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SE and Japan’s Marubeni in joint green energy plan

Adrian Gillespie and Yoshiaki Yokota

Adrian Gillespie and Yoshiaki Yokota (pic: contributed)

Scottish Enterprise has signed an agreement with the Marubeni Corporation of Japan to explore opportunities in floating offshore wind and green hydrogen.

They will pursue collaborative ventures in a number of areas including the establishment of supply chain management and sharing knowledge.

The two parties agreement signed at an Memorandum of Understanding at the COP26 summit in Glasgow, which was attended by Scotland’s Cabinet Secretary for Net Zero, Michael Matheson.

Adrian Gillespie, CEO of Scottish Enterprise said: “Scotland has strong trade and investment links with Japan, particularly in key sectors such as renewable energy.

“This MoU with Marubeni will strengthen our valued relationship and support Scotland’s net zero ambitions.  We look forward to working with Marubeni to develop our long-term partnership.”

As part of the company’s activities for enhancing sustainability, in September 2018 Marubeni introduced new business polices regarding its coal-fired power generation business and its renewable energy generation business. 

And in March 2021, the company published its Marubeni Long-Term Vision on Climate Change.

Yoshiaki Yokota, CEO of Marubeni Corporation’s power business, said: “Having world-leading decarbonisation targets coupled with well-structured and experienced institutions to enable them, Scotland provides truly exciting business opportunities, through its focused approach to renewable energy and net zero.

“We are confident that with our global experience, including floating offshore wind and hydrogen projects, we can contribute to achieving those targets.”

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Mr Matheson said: “Our Inward Investment Plan articulates the important role that inward investment can play in delivering high-value jobs to the economy and achieving our net zero ambition.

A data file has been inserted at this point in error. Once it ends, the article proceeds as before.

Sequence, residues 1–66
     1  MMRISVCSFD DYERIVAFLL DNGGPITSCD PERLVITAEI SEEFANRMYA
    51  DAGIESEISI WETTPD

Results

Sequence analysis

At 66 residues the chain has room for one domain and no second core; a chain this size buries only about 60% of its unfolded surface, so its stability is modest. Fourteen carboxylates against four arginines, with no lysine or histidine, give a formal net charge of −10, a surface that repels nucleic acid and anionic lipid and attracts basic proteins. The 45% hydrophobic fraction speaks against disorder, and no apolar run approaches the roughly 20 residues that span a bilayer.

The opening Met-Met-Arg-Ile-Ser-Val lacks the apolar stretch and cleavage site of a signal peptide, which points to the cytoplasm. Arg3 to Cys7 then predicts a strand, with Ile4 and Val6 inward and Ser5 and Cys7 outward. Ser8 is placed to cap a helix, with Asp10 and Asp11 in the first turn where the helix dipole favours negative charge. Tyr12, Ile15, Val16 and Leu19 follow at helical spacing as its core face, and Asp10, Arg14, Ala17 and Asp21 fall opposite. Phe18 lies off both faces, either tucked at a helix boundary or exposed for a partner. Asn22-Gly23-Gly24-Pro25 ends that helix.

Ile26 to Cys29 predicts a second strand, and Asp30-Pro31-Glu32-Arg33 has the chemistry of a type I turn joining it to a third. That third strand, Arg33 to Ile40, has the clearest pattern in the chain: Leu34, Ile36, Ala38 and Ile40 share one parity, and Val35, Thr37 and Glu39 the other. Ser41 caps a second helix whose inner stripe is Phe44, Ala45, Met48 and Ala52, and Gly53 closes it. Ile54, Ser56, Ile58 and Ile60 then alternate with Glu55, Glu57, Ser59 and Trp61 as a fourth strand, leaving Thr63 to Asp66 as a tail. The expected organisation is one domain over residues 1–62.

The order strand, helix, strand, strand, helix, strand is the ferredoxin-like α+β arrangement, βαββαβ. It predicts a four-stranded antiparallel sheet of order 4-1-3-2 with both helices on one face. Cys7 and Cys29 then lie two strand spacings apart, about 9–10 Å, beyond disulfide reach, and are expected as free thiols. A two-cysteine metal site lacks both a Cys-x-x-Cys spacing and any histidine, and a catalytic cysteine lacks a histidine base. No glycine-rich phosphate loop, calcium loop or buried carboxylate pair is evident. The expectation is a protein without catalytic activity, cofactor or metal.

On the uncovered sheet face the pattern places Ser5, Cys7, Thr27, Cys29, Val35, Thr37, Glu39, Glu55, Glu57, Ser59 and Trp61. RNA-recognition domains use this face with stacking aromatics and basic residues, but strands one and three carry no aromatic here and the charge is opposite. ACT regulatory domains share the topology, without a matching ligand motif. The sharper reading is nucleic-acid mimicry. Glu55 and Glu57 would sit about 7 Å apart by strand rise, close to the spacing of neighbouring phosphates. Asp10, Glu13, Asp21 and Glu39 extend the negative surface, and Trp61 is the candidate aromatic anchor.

Stephen Baker, Scottish Development International’s country head for Japan, added: “There is significant interest in Japan about Scotland’s activities, particularly in relation to renewable energy. “

Also today, the Scottish Government unveiled a five-year plan to help deliver a sixth of energy needs from hydrogen by 2030.

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Backed by more than £100 million, the draft Hydrogen Action Plan sets out the strategic approach the Scottish Government will take with industry to help make Scotland become a leading nation in the production of reliable, competitive and sustainable hydrogen.

The five-year capital investment programme will focus on supporting regional renewable hydrogen production hubs and renewable hydrogen projects.

The first tranche of investment will be a £10 million Hydrogen Innovation Fund, to be launched next year to drive technological progress and advance innovation and cost reduction within the emerging sector.

Separately, the Scottish Government’s Energy Transition Fund is being expanded to up to £75 million to deliver £15 million of investment in an Aberdeen Hydrogen Hub which will develop on-the-ground infrastructure to support the growth of a hydrogen transport fleet and the deployment of new applications across the north east.



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